"Facebook creates too much value for the world and has too much ad-targetable data for it to stay this far down for long," Constine claims. "I'd recommend buying soon or right when the last big lockup expires."
Remember, Remember, $FB In November
"People are looking for the first indication that [mobile advertising and sponsored stories] are working, and then you'll see a pop in the stock," Jindal says. "It's proven to be a lot more volatile than other similar, mature companies."
"I think the stock will continue to waver, and possibly dip again when the employee lockups expire," Constine says. "A brilliant, popular new product or a new ad unit with huge potential and strong endorsements from the advertising industry could boost it, though."
The expiration of the last lockup period put a good deal of pressure on the stock; in mid-August, 271 million shares were released and the stock slid over 4%. After Tuesday's 8-K filing with the SEC, Facebook won't face quite as much downward pressure this fall as it would have.
On October 29, up to 234 million shares will be available for sale. On November 14, 777 million shares will be freed up for public sale. Before this filing, the company could have had 1.2 billion shares becoming available for sale on November 14.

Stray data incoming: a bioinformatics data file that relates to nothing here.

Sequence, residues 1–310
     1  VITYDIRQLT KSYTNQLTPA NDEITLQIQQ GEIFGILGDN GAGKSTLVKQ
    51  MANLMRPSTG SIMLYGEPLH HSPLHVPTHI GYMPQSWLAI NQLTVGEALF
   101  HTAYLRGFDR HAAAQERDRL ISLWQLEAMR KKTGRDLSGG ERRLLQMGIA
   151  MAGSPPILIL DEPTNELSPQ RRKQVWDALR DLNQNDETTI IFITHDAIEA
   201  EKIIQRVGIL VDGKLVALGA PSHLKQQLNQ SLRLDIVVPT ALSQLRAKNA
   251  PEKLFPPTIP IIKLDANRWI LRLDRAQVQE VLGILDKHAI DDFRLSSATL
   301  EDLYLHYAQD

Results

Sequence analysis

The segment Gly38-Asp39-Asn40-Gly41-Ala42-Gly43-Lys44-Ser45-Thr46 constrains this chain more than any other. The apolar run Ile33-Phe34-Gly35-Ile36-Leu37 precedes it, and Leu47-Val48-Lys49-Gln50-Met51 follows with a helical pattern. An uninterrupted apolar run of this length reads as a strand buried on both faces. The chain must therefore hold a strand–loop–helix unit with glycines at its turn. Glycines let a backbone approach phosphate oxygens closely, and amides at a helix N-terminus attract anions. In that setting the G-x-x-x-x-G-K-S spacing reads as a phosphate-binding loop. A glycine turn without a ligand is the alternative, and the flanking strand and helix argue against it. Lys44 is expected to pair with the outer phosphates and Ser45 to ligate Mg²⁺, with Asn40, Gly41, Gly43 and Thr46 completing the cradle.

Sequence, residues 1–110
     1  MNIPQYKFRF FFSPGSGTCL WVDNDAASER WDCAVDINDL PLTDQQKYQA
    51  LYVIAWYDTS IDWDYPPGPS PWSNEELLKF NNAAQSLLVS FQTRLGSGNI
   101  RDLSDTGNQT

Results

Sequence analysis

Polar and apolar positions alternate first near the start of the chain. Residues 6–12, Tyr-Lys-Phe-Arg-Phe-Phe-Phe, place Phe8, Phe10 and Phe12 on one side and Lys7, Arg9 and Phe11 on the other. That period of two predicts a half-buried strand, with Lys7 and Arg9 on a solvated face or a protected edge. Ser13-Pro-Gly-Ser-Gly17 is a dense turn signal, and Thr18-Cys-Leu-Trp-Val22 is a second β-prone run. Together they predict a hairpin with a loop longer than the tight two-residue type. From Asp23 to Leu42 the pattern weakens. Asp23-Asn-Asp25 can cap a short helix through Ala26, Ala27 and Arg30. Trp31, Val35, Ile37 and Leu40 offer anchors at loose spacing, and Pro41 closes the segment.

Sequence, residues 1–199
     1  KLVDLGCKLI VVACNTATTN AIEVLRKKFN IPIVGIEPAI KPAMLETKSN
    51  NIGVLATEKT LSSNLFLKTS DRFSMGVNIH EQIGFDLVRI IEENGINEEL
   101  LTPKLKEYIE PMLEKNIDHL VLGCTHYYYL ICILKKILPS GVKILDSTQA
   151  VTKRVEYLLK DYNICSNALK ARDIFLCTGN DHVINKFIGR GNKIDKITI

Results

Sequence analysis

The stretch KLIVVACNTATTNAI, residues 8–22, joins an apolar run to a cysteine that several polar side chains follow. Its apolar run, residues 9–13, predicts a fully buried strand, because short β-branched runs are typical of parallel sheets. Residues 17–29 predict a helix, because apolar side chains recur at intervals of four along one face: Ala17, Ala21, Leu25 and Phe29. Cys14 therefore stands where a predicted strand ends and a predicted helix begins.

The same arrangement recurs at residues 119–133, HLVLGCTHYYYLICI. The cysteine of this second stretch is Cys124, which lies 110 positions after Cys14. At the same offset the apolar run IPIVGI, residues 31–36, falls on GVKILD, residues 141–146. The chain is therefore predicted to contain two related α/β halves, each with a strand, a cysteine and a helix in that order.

"I think a lot of employees will sell a little bit of stock, which will add up and cause a dip," Constine posits.
If You Buy, Be In For The Long Haul
The most consistent thing that all five interviewees agreed on was that if you buy Facebook stock, you'll need to hold on to it for a long, long time.
"Personally, I'm 'long' on Facebook because I believe they will grow into their promise and be more than just an 'ad company' but actually leverage their graphs to power some of the web's and mobile's best applications," Shah says. "But, it will take a while to get there, as Twitter poses a threat and Google and Apple currently hold key real estate. I don't see the value in trying to analyze Facebook's stock price per hour. In eight years, they've created roughly $50b in value, a global brand, and massive network effects. Usually when a property has those characteristics, money will follow."